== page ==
One medium sweet potato packs a whopping 120% of the daily value of vitamin A and 30% of the daily value of vitamin C, all for just 100 calories. These vitamins are crucial for immune function and great for your skin. Sweet potatoes are a cholesterol-free and fat-free food, so you get all the helpful, immune-boosting vitamins without the guilt. Sweet potatoes serve up a healthy portion of fiber, too.

Broccoli

Broccoli is a nutrient-packed powerhouse to support your immune system. One cup of broccoli provides as much vitamin C as an orange. The veggie is also high in beta-carotene, potassium, magnesium, zinc, and iron. Broccoli supplies an array of B vitamins (B1, B2, B3, and B6). Together, these vitamins and minerals help the immune system to run in top form. Another healthy compound offered up by broccoli: glutathione, the master antioxidant in the body.

Garlic Cloves

People have praised garlic for ages for its immune-boosting properties. Garlic has antibacterial, antiviral, and anti-fungal properties. The bulbs are rich in antioxidants that quench free radicals that play a role in Alzheimer’s disease, heart disease, cancers, and other conditions. The antiviral properties may be helpful in reducing the severity of colds, flu or COVID-19 infections. In one study, people who took garlic supplements during cold season caught fewer colds than those who took placebo pills. If you do catch a cold, garlic can shorten the duration of it. If you do try garlic supplements, be mindful that the one you choose contains the active ingredients contained in real garlic.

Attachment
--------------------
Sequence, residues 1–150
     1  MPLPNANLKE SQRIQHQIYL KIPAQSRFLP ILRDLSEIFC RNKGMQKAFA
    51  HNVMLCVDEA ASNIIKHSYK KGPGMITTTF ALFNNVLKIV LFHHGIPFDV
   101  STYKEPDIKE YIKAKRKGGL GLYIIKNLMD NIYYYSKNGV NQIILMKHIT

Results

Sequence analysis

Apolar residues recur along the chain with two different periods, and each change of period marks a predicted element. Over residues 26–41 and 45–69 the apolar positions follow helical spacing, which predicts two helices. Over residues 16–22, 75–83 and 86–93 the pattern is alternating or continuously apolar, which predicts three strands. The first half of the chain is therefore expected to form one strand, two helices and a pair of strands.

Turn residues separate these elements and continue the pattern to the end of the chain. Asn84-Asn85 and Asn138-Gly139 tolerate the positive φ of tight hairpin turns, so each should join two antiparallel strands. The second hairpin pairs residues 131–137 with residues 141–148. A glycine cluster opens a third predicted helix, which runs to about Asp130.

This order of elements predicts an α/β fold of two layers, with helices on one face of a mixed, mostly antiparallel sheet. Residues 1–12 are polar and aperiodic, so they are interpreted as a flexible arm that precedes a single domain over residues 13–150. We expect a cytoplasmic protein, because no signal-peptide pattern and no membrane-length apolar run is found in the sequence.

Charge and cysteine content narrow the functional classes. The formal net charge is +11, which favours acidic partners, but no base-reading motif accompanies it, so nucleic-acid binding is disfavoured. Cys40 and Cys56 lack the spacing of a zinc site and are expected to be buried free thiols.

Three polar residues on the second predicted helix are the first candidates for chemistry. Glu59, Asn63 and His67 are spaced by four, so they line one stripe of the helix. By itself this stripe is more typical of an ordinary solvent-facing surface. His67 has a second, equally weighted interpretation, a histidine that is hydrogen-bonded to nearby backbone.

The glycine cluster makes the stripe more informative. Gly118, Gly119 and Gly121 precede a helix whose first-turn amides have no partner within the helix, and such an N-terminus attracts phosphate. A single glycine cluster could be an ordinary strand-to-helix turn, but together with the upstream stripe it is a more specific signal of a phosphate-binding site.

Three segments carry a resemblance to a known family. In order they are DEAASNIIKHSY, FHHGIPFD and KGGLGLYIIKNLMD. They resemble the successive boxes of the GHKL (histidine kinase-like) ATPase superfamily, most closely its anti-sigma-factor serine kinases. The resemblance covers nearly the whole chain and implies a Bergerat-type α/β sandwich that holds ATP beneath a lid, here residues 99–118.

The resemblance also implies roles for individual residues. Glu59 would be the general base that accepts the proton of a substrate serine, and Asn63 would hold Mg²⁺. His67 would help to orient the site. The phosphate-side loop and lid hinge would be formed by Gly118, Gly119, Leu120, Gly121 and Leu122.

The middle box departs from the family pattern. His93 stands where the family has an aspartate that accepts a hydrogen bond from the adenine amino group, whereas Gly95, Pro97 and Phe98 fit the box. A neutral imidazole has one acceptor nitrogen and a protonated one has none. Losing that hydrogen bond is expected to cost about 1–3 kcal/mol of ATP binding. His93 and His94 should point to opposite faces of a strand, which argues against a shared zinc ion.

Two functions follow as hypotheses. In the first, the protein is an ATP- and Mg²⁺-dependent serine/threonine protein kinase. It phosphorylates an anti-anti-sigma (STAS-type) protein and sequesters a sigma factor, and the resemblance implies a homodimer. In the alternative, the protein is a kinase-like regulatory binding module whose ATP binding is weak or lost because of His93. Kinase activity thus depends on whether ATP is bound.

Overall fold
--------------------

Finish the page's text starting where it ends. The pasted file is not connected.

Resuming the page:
Garlic and Cancer

Garlic boosts the portion of the immune system that is tasked with fighting viruses and cancer. Several studies have documented a link between garlic use and reduced rates of many different types of cancers. People who regularly consume lots of raw or cooked garlic have 30% to 35% fewer colorectal cancers than those who do not. In one small study of people who had inoperable pancreatic, colorectal, or liver cancers, immune function was improved when participants took aged garlic extract for 6 months.

Miso Soup (Fermented Foods and Immunity)

Miso soup has been a staple in Japanese cuisine for centuries. Miso is a salty paste made from fermented soybeans. It is rich in probiotics that are beneficial for gastrointestinal health and boosting the immune system. A lack of beneficial bacteria or an imbalance of bacteria in the GI tract is associated with a variety of medical conditions including irritable bowel syndrome (IBS), food allergies, gastroenteritis, inflammatory bowel disease (ulcerative colitis and Crohn’s disease), and even certain kinds of cancers. Sipping a cup of miso soup is a great way to introduce beneficial food-based probiotics into the GI tract.

Chicken Soup